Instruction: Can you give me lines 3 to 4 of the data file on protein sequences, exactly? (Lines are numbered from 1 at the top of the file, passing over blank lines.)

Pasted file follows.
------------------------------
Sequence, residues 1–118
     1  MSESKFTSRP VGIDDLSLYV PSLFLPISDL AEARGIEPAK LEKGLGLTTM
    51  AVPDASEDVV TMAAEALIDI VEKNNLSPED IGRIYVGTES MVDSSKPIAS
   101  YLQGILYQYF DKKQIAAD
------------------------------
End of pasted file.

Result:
    51  AVPDASEDVV TMAAEALIDI VEKNNLSPED IGRIYVGTES MVDSSKPIAS
   101  YLQGILYQYF DKKQIAAD